|All of the CIO interviews|
The rally in developed-market government bonds and the sell-off in energy markets were by far the biggest surprises. The government bonds rally was driven by increasing disappointment in European growth and rising concern about the disinflationary challenges ahead.
Aggressive monetary policy action in Japan also had an impact, effectively making the US bond market the 'cheapest' developed bond market to own. The increasing interest rate differentials across developed markets are going to add to momentum behind US dollar strength as well as lower-for-longer interest rate expectations.
With regard to the collapse in oil prices, there is a battle for market share going on right now in the energy sector and cartels compete for market share via price. That is going to continue to weigh on inflation expectations, keeping them lower, and add to broader market volatility ahead.
The US will lead developed-market growth in 2015, but the real question is whether it can continue to grow at 2.5% to 3% if global growth stalls out.
We put a 30% probability on Europe slipping into recession in 2015, which means it is not our base case, but it’s a high enough number that we are paying close attention. A weaker euro will help Europe, but quantitative easing (QE) seems more a panacea to animal spirits than an asset reflation tool given how low European bond yields already are.
Emerging markets are the wild card, especially commodity exporters. Latin America, emerging Europe and Africa stand out as concerns. Asia looks well-positioned for another year of slower but solid growth and China will grow by 6.5% to 7% as it continues the structural transformation of its economy.
What is your view on fixed income for 2015?
We expect more of the same, with higher volatility. We are early in a rising rate cycle that remains a one-step forward, two-steps back price-discovery dance for bond markets.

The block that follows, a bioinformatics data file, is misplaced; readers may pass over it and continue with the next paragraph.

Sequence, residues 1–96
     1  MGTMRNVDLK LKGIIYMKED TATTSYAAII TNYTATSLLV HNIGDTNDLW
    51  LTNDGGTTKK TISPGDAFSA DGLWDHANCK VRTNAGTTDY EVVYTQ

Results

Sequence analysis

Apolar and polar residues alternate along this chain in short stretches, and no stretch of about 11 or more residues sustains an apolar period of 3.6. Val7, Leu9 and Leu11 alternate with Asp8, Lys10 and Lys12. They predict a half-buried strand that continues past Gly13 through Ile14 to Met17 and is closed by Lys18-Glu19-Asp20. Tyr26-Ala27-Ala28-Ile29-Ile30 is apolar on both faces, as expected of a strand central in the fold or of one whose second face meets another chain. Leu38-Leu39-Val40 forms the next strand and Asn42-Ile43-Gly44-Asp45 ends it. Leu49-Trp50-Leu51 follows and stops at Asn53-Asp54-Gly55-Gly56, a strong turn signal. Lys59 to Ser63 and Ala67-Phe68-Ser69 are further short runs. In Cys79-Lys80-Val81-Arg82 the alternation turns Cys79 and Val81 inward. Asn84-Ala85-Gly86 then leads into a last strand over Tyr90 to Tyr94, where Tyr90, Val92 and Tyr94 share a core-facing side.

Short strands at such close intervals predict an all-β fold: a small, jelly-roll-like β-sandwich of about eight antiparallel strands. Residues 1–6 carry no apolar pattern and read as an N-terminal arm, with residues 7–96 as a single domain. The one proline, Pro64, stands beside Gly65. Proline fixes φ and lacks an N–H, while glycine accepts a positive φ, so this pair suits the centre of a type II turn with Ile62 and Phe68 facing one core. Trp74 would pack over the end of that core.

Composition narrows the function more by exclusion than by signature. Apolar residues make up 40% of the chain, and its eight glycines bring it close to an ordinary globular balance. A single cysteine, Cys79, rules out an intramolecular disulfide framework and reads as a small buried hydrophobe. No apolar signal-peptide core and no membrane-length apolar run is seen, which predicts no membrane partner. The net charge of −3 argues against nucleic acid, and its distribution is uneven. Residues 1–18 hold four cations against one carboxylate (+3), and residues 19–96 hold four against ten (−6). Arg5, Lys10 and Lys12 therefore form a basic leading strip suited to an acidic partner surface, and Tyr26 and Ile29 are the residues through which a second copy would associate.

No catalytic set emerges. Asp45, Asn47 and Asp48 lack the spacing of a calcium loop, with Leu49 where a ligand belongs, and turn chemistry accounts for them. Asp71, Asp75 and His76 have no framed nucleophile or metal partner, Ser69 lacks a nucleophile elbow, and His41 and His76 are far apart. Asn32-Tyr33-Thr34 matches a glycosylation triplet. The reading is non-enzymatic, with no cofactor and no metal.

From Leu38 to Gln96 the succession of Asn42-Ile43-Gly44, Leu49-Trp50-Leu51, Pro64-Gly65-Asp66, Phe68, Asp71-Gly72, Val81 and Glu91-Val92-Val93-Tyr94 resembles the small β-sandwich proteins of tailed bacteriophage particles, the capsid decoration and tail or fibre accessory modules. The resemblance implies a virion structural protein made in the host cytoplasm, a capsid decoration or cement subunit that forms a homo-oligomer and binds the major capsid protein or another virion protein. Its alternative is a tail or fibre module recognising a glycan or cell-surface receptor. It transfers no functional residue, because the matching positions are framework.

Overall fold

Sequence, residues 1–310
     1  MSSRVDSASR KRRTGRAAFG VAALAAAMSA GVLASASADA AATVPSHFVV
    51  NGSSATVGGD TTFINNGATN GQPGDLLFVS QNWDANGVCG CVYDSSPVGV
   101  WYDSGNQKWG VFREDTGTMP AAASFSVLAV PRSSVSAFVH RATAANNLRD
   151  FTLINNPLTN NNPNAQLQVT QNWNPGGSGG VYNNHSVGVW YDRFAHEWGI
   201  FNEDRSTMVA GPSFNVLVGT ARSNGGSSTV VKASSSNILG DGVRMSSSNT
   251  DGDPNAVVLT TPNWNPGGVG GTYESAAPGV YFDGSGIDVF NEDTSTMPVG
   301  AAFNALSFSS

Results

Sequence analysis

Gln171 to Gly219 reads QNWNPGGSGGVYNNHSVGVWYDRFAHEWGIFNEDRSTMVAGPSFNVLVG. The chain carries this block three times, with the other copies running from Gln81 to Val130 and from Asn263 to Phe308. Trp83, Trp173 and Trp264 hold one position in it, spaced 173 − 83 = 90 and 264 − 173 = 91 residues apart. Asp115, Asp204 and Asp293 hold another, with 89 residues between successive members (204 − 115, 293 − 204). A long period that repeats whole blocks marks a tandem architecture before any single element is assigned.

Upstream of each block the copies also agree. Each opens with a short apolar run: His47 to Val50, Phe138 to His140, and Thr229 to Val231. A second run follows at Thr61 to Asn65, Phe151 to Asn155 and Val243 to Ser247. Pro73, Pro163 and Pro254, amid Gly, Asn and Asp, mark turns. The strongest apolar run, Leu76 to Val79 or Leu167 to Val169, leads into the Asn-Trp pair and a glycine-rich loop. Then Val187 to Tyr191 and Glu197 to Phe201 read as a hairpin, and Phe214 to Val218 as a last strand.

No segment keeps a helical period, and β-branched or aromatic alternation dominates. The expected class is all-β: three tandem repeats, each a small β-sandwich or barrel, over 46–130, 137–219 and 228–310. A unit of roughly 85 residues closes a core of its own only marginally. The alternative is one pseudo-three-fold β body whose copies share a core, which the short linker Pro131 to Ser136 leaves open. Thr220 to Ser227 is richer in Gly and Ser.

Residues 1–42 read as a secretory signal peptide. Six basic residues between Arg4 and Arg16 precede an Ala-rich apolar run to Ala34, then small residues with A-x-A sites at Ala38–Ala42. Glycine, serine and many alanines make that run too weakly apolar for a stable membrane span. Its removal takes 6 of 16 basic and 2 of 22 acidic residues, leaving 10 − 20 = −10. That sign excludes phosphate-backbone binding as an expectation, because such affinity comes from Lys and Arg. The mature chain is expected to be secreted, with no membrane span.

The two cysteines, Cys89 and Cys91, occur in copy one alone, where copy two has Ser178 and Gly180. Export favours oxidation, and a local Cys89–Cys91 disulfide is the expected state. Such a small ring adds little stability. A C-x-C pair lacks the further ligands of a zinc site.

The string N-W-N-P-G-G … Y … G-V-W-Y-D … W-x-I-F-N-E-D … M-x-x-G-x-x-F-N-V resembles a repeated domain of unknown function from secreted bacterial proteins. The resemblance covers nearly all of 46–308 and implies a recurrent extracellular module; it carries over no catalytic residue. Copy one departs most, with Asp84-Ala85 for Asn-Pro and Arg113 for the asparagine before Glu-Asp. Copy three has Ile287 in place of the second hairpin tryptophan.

Rates will move higher, but much slower than expected and with a real possibility that if the European economy gets worse, government bond yields will go lower before re-pricing off the Fed’s policy rate 'lift-off” mid-year. That leaves us underweight fixed income and exercising caution.
We own bonds across our portfolios; we just own less as we navigate around where we expect to see the most price pressure – the two- to five-year part of the yield curve. Bond yields are too low and price volatility too high for us to want to be more aggressive with duration.
Which asset classes do you expect to outperform?
Equity markets should outperform this year, but with lower returns and higher volatility. Nothing we own across global equity markets is cheap, and the things that are cheap will remain so because of the fundamentals – so we don’t want to own them. We are currently overweight the US and Asia.
Inflation expectations matter this year, and we will need a little more inflation for multiples to be able to move higher. We aren’t near an equity-market bubble as equity markets continue to feel about fairly valued.
Returns are going to be driven by earnings and dividends, and price discovery is going to be more dynamic. Our biggest overweight across portfolios, like 2014, remains to equity markets – funded from underweight positions in commodities and fixed income.
Biggest unknowns/risks for 2015?
I wish I knew the answer to the biggest unknown. The biggest macro risk this year we see coming is from rising disinflationary pressure, especially in Europe where the 'Japanification' of Europe will become a market discussion point again.
Too far, too fast of anything is rarely good news. The collapse we have seen in European government bond yields and oil prices are each going to lower the inflation outlook ahead. There comes a tipping point at which disinflation becomes something worse and central banks no longer have the ability to revive animal spirits, which is why the Bank of Japan is 'all in' on asset reflation and the European Central Bank is running out of time for simple QE to fundamentally matter.
Geopolitics is scarier this year than it has been in a long time and a further collapse in energy prices might create tail risks from credit downgrades, defaults and debt restructuring, not to mention political turmoil across pockets of emerging Europe, Africa and Latin America.
And in the background, there is still the question of when an exit mechanism is shaped – forced or elected – for Europe’s monetary union and the euro; something that still needs to be defined.